Is 401k matching unfair to lower-paid employees?


From the employer to employee relationship perspective, one could argue that no, it is not unfair to have percentage based matching, at least by comparison to the fact that oftentimes bonuses and raises are also granted as a percentage of salary.

However, unlike other tax advantaged perks, such as employee 401k contributions, HSA, FSA, and insurance premiums, all of which generally have the same tax advantaged limits for every employee, employer matching 401k contributions differ in that the amount of the tax advantaged funds effectively increases based on salary. (Note I say "effectively" because the upper limit of $57K exists for everyone, but is unattainable by most because there is typically no mechanism to contribute that much even if you have the money to do so). Note the matching amount is capped based on salary. For 2020 the cap is $285K, which means anyone who makes more than that will receive the same company matching as someone who makes exactly $285K.


There are a series of tests that 401(k) programs have to go through. They are looking to make sure the polices of their 401(k) program do not discriminate against lower income employees. If they fail those tests they have to fix the issues:

If your plan fails the ADP or ACP test, you must take the correctiveaction described in your plan document during the statutory correctionperiod to cause the tests to pass.

The plan has 2 ½ months after the end of the plan year being tested tocorrect excess contributions. The plan can distribute excesscontributions any time during the 12-month period. If correction isnot made before the end of the 12-month correction period, the plan’scash or deferred arrangement (CODA) is no longer qualified and theentire plan may lose its tax-qualified status. You may correct thismistake through EPCRS. If the employer doesn'tdistribute/recharacterize excess contributions by 2 ½ months (sixmonths for certain EACAs) after the plan year of excess, the employeris liable for a 10 percent excise tax on excess contributions.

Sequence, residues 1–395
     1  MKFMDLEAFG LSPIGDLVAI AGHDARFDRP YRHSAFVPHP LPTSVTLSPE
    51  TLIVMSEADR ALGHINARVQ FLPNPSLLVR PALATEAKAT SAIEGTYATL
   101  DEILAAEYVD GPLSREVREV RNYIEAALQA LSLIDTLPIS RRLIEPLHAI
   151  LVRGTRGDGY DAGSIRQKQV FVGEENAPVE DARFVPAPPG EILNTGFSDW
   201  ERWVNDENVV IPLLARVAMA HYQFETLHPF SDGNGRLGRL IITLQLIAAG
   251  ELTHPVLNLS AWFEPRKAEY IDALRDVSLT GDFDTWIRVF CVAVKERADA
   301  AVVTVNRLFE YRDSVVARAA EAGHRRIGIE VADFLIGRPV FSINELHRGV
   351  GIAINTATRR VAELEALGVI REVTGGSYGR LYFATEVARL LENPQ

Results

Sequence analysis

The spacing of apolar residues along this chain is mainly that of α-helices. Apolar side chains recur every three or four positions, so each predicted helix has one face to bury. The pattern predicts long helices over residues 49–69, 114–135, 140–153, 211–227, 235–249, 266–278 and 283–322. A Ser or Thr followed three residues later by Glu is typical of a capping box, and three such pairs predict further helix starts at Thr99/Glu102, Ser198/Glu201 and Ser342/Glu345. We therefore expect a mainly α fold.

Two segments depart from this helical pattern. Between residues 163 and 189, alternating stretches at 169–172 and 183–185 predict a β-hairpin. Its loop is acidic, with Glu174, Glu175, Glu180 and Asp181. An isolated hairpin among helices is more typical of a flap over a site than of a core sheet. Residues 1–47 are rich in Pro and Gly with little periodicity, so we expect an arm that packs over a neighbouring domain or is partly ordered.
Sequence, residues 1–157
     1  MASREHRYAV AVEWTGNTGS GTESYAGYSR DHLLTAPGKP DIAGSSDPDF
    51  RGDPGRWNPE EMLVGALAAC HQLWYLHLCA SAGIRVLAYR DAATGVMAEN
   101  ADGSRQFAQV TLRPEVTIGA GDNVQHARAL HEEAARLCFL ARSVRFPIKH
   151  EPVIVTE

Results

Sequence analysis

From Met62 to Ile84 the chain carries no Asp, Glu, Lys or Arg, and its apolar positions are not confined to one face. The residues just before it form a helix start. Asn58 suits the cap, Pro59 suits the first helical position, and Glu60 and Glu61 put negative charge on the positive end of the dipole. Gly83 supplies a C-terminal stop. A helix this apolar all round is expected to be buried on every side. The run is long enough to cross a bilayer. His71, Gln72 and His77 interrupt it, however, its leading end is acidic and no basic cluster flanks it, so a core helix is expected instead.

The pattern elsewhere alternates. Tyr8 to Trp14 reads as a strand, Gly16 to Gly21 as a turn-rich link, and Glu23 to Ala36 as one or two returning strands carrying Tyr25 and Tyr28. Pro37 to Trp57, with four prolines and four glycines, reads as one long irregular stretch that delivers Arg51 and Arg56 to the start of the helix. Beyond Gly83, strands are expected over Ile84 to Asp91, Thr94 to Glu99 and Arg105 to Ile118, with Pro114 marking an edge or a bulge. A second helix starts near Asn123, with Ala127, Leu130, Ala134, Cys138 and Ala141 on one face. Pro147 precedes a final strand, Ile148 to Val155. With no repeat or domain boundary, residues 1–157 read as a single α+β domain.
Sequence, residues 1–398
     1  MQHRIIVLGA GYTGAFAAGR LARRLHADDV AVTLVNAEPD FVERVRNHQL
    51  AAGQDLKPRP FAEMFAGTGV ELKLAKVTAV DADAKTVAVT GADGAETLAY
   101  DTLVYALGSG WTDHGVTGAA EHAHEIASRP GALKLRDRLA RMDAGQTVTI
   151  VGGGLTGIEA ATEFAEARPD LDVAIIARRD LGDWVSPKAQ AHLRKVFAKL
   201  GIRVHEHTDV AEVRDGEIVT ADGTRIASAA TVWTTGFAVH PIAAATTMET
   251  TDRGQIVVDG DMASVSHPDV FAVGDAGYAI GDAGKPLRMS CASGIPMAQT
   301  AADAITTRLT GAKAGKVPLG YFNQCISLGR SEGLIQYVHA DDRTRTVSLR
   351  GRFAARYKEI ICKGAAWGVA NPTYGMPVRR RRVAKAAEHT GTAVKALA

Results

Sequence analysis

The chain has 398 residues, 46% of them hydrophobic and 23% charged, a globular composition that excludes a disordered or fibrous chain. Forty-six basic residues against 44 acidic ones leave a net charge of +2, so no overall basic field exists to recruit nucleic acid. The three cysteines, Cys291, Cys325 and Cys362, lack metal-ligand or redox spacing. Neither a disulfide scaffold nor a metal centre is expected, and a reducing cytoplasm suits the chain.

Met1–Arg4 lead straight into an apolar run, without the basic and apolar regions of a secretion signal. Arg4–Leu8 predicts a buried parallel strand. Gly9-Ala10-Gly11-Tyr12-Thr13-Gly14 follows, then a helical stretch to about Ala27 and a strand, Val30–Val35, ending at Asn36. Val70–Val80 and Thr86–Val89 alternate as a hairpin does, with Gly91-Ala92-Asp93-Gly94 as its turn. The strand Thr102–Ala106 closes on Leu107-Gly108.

The tax doesn't apply if the plan sponsor makes corrective qualifiednonelective contributions within 12 months after the end of the planyear if the plan uses current year testing. However, if the correctivecontributions are insufficient for the CODA to pass the ADP test, thetax applies to the remaining excess contributions.

There are two different methods to correct ADP and ACP mistakes beyondthe 12-month period. Both require the employer to make a qualifiednonelective contribution to the plan for NHCEs. A qualifiednonelective employer contribution (QNEC) is an employer contributionthat is always 100% vested and subject to the same distributionrestrictions as elective deferrals.

Companies have options to avoid getting into this situation. They can auto-enroll new employees. They can tweak the matching rules to encourage more participation. I do know that automatic vesting at 100% helps participation.

I am not sure if all this is done because you have to entice the lowered paid employees to participate because the general matching rules are unfair; or it is just harder to get younger employees to participate in a plan that they don't get access to for 30 or 40 years.

I do remember that when I was younger, I didn't look at it being unfair that higher paid employees saw a bigger match on a dollar basis. The ideas that I had to overcome before starting with the 401(k) were the risks in investing, and the decades delay in getting access to the funds.


Does that mean lower paid employees get less of a perk?

Yes: when looking at the financial value of this kind of 401(k) matching, lower paid employees receive less money from their employers for this perk than employees with a higher salary